17. da Cunha Nascimento D, Neto de S, Saraiva B, et al. Advancements and critical steps for statistical analyses in blood pressure response to resistance training in hypertensive older women: a methodological approach. Blood Press Monit. 2021;26(2):135–145. doi:10.1097/MBP.0000000000000505
18. laerd statistics. Two-way ANOVA using SPSS. Statistical Tutorials Software Guides Statistics; 2017. Available from: https://statistics.laerd.com/.
19. Stang A, Poole C, Kuss O. The ongoing tyranny of statistical significance testing in biomedical research. Eur J Epidemiol. 2010;25(4):225–230. doi:10.1007/s10654-010-9440-x
20. Faul F, Erdfelder E, Lang AG, Buchner A. G*Power 3: a flexible statistical power analysis program for the social, behavioral, and biomedical sciences. Behav Res Methods. 2007;39(2):175–191. doi:10.3758/BF03193146
21. Nakagawa S, Cuthill IC. Effect size, confidence interval and statistical significance: a practical guide for biologists. Biol Rev. 2007;82(4):591–605. doi:10.1111/j.1469-185X.2007.00027.x
22. Beck TW. The importance of a priori sample size estimation in strength and conditioning research. J Strength Cond Res. 2013;27(8):2323–2337. doi:10.1519/JSC.0b013e318278eea0
23. Ferrer RA, Ellis EM. Moving beyond categorization to understand affective influences on real world health decisions. Soc Personal Psychol Compass. 2019;13(11):1–16. doi:10.1111/spc3.12502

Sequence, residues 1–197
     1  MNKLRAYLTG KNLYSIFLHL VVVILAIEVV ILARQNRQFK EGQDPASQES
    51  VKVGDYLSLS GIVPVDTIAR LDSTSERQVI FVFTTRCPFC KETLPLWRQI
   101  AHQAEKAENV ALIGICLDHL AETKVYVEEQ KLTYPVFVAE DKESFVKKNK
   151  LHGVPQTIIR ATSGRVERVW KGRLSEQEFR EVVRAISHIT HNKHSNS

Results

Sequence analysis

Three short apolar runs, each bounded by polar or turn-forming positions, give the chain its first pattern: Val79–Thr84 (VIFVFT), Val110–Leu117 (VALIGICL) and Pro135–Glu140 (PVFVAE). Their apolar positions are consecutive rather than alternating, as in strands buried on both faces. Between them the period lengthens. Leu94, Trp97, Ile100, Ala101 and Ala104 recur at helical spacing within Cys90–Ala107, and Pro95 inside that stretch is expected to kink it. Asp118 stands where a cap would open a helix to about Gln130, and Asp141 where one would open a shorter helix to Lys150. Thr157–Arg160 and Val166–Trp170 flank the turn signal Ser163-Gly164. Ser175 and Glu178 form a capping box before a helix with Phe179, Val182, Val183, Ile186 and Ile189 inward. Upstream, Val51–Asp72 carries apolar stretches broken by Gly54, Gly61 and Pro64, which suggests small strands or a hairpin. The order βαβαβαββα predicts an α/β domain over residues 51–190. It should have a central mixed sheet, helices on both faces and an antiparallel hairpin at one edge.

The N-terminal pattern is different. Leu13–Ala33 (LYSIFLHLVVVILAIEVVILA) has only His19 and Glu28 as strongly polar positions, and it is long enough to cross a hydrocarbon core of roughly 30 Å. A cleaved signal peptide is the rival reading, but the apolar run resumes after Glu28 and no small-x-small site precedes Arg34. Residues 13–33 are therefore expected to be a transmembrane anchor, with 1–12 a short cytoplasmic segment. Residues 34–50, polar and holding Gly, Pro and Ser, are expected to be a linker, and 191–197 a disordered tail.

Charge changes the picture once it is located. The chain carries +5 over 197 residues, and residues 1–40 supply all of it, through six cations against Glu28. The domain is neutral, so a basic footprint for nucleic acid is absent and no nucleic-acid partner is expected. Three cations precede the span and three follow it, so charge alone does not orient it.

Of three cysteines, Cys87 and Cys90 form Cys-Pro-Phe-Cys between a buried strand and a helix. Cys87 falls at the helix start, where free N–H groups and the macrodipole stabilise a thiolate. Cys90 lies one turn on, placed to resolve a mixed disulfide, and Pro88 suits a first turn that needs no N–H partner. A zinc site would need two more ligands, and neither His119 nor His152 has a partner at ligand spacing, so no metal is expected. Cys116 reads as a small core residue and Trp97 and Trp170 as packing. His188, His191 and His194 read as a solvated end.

24. Rhea MR. Determining the magnitude of treatment effects in strength training research through the use of the effect size. J Strength Cond Res. 2004;18(4):918–920. doi:10.1519/14403.1
25. Fey CF, Hu T, Delios A. the measurement and communication of effect sizes in management research. Manag Organ Rev. 2023;19(1):176–197. doi:10.1017/mor.2022.2
26. Lakens D. Calculating and reporting effect sizes to facilitate cumulative science: a practical primer for t-tests and ANOVAs. Front Psychol. 2013;4:1–12. doi:10.3389/fpsyg.2013.00863
27. Serdar CC, Cihan M, Yücel D, Serdar MA. Sample size, power and effect size revisited: simplified and practical approaches in pre-clinical, clinical and laboratory studies. Biochem Med (Zagreb). 2021;31(1):27–53. doi:10.11613/BM.2021.010502
28. Cohen J. Statistical Power Analysis for the Behavioral Sciences.
29. Sainani KL. A closer look at confidence intervals. PM&R. 2011;3(12):1134–1141. doi:10.1016/j.pmrj.2011.10.005
30. Schenker N, Gentleman JF. On judging the significance of differences by examining the overlap between confidence intervals. Am Stat. 2001;55(3):182–186. doi:10.1198/000313001317097960
31. Sainani KL. Clinical versus statistical significance. PM&R. 2012;4(6):442–445. doi:10.1016/j.pmrj.2012.04.014
32. Copay AG, Subach BR, Glassman SD, Polly DW, Schuler TC. Understanding the minimum clinically important difference: a review of concepts and methods. Spine J. 2007;7(5):541–546. doi:10.1016/j.spinee.2007.01.008
33. Wright JG. The minimal important difference: who’s to say what is important? J Clin Epidemiol. 1996;49(11):1221–1222. doi:10.1016/S0895-4356(96)00207-7
34. Vet De HCW, Ostelo RW, Terwee CB, et al. Minimally important change determined by a visual method integrating an anchor-based and a distribution-based approach. Qual Life Res. 2007;16:131–142. doi:10.1007/s11136-006-9109-9
35. Lawes CMM, Bennett DA, Feigin VL, Rodgers A. Blood pressure and stroke: an overview of published reviews. Stroke. 2004;35(3):776–785. doi:10.1161/01.STR.0000116869.64771.5A